Dad lined up his phone, pencils, notepad, Rolodex, and tissue box on a side table in his room at the nursing home. As if checking inventory, he straightened each item, one after another, working his way down the line before running through them again. As words and ideas kept slipping away, he tried to lash his mind to familiar, everyday items, naming and touching them to stay connected with the present.
A few days later, a series of medical issues landed him in another facility; dementia seemed to be accelerating, leaving him confused and agitated. Dad didn’t have his lineup of familiar items at the new place, but he reviewed old memories with my brother and repeated several phrases, including lines of poetry from Shakespeare and Dylan Thomas. Though his mind couldn’t access certain names, numbers, or dates, he could still recount 80-year-old memories and recite poetry memorized in his youth.
Molly Middleton Meyer, founder of Mind’s Eye Poetry, works with people like my dad—including patients who have experienced far greater memory loss—using poetry to awaken memories and tap into their imagination.
Meyer lost both of her parents to Alzheimer’s. As their disease progressed, she grew frustrated witnessing the activities typically provided at care facilities. Hoping to offer a more lively and respectful alternative, Meyer drew from her own background as a poet and writer to develop a method of poetry facilitation that connects with patients and engages their minds and memories to create poems on the spot.
For about an hour, she meets with these patients and invites conversation, using sensory materials, recitation, and open-ended questions. The resulting stories and snippets are used to compose three to six poems.
Meyer reports that some residents who come to her sessions haven’t spoken in days or even weeks. “During the facilitation, it is not uncommon for them to suddenly ‘wake up’ and begin adding relevant words, phrases, and even complete memories to the conversation. When I see the astounded expression on the faces of the regular caregivers, I know something remarkable has happened.”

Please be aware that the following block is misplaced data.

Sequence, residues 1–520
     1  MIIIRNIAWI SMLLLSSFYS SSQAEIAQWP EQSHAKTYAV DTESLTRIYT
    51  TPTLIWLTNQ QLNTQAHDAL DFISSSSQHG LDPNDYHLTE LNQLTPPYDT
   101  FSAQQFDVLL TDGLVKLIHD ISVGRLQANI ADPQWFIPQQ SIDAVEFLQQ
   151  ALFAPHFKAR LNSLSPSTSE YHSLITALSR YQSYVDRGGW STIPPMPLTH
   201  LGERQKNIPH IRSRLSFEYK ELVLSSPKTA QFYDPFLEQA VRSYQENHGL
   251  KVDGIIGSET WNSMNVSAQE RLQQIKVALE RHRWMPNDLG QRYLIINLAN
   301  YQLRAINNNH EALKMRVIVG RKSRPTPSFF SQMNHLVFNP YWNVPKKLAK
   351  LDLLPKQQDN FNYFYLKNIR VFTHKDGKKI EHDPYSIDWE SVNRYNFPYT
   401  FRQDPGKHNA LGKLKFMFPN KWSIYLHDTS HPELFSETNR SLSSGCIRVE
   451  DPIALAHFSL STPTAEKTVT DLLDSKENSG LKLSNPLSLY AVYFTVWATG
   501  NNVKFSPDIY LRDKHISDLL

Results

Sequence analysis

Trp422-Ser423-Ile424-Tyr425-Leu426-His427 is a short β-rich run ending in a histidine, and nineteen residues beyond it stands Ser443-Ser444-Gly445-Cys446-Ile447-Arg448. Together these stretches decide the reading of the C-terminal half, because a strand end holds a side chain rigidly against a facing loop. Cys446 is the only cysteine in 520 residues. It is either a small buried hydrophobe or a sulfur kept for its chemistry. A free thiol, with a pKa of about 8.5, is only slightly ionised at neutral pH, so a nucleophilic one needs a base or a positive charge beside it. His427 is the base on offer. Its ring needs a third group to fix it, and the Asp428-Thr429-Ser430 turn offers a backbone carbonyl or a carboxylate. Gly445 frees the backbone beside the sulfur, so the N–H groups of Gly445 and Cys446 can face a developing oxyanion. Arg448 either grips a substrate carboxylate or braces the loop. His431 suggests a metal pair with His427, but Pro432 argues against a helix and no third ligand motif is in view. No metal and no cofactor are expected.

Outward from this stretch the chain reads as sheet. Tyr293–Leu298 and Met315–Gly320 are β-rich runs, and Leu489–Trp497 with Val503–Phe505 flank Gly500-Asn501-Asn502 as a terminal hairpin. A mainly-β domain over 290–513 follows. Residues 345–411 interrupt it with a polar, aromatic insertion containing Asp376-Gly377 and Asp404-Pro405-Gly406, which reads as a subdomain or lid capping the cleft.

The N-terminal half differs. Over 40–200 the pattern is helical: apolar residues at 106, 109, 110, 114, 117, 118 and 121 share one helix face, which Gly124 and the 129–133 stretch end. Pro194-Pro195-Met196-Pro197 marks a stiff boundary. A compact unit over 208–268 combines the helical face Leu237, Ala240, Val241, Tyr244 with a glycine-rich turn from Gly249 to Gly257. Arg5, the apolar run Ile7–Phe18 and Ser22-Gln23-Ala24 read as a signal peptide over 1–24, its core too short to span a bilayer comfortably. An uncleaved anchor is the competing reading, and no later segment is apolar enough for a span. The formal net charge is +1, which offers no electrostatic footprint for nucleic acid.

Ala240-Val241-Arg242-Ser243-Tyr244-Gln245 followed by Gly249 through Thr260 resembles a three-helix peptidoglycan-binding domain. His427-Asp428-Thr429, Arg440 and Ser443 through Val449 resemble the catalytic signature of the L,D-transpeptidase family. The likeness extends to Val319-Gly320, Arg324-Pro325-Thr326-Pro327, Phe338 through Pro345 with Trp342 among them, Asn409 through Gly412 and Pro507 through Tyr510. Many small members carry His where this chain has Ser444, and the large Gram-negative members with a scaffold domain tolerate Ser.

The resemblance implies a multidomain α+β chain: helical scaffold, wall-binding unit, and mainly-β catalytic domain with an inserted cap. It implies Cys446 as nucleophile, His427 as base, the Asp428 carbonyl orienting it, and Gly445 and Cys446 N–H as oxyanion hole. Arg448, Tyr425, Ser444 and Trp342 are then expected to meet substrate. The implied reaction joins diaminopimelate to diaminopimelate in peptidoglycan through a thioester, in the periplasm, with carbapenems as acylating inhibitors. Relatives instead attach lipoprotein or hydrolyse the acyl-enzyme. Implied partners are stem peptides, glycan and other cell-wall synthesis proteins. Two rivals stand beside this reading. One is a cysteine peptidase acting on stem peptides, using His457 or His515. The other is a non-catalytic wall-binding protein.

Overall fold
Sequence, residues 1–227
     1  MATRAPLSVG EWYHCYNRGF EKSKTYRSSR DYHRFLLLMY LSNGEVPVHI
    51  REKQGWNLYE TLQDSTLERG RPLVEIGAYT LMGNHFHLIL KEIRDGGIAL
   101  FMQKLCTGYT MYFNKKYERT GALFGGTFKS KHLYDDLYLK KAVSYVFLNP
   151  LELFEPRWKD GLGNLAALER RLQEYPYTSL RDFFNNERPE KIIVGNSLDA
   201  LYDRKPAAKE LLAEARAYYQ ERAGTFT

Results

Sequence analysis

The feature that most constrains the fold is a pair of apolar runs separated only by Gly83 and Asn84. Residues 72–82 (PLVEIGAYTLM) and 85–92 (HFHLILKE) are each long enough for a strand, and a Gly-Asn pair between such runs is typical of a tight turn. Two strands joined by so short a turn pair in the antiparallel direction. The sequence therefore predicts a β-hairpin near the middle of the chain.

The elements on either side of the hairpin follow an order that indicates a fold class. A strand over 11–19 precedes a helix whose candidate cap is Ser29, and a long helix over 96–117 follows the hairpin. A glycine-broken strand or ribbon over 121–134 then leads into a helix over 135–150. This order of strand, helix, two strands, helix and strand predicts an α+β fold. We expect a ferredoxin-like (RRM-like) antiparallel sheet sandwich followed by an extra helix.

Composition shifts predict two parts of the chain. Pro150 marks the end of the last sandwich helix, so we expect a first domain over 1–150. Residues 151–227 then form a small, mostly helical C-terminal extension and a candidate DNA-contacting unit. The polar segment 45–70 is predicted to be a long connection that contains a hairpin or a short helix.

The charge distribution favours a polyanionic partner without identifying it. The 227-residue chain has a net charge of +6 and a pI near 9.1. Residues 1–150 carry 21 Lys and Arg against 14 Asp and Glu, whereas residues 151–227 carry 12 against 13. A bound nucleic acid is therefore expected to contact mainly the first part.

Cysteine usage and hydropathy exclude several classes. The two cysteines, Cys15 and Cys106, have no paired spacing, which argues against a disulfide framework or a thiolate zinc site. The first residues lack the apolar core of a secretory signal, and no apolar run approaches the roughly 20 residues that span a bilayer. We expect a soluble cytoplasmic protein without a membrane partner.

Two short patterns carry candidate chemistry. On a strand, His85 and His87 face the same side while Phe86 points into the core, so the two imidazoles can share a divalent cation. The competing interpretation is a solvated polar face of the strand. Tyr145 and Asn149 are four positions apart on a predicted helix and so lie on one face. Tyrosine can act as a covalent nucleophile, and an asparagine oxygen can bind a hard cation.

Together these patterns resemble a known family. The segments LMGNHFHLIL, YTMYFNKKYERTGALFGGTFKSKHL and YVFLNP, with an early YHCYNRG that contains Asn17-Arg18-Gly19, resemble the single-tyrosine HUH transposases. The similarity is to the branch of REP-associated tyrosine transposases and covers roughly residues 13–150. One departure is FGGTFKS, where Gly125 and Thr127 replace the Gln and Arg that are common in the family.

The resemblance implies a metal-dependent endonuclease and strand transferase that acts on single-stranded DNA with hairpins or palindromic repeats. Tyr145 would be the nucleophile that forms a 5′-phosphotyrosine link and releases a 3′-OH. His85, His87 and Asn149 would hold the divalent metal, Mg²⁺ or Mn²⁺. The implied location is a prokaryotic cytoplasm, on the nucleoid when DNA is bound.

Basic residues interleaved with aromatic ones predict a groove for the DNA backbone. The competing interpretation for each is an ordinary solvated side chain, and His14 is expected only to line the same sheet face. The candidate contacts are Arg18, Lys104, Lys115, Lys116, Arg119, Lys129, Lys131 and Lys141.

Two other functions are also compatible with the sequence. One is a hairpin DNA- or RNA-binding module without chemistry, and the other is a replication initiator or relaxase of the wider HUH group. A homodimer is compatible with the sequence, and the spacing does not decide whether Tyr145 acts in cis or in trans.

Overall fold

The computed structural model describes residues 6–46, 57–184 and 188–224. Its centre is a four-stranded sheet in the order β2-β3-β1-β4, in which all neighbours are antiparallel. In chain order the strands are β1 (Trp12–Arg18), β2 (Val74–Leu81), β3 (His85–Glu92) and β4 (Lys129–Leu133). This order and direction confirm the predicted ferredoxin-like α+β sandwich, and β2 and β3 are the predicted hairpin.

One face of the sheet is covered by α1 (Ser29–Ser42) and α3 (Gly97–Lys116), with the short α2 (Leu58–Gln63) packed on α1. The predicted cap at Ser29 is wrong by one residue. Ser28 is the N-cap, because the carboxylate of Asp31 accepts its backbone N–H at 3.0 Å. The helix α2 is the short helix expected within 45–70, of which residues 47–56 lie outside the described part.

She writes, “People with dementia still possess the ability to laugh, think, create, and authentically enjoy living in the moment. They deserve challenging, empowering, dignifying interactions.”
My dad struggles to recall the name of his primary care physician or the day’s date, but he can still recite lines from Robert Southey’s The Battle of Blenheim and describe the small town Fourth of July parade he watched as a little boy, where he waved at the two or three remaining Civil War Veterans who marched past in uniform. It’s still in there. The poetry, the memories, the images. He can see them with his mind’s eye.
Dancing Colors, After Chihuly
In the glass forest,
the dancing branches
of the flaming tree
twist and curl.
I see crackling
spikes of fire.
I see the forest’s
I see the forest’s
spikes of fire.
I see crackling.
Twist and curl,
of the flaming tree.
The dancing branches,
in the glass forest.
— Mitsu, Allean, Randy, Glen, Katherine, Pat, Rosemary, Hazel, Mary Lou, Mimi, Elsie, Wayne, Susan, Mary Jane, and Doris
Arbor House, Lewisville, TX
© Mind’s Eye Poetry, 2014, used with permission.
Photo by Broo_am (Andy B), Creative Commons license via Flickr. Post by Ann Kroeker, writing coach and co-author of On Being a Writer: 12 Simple Habits for a Writing Life that Lasts.
How to Write a Poem uses images like the buzz, the switch, the wave—from the Billy Collins poem “Introduction to Poetry”—to guide writers into new ways of writing poems. Excellent teaching tool. Anthology and prompts included.
“How to Write a Poem is a classroom must-have.”
—Callie Feyen, English Teacher, Maryland
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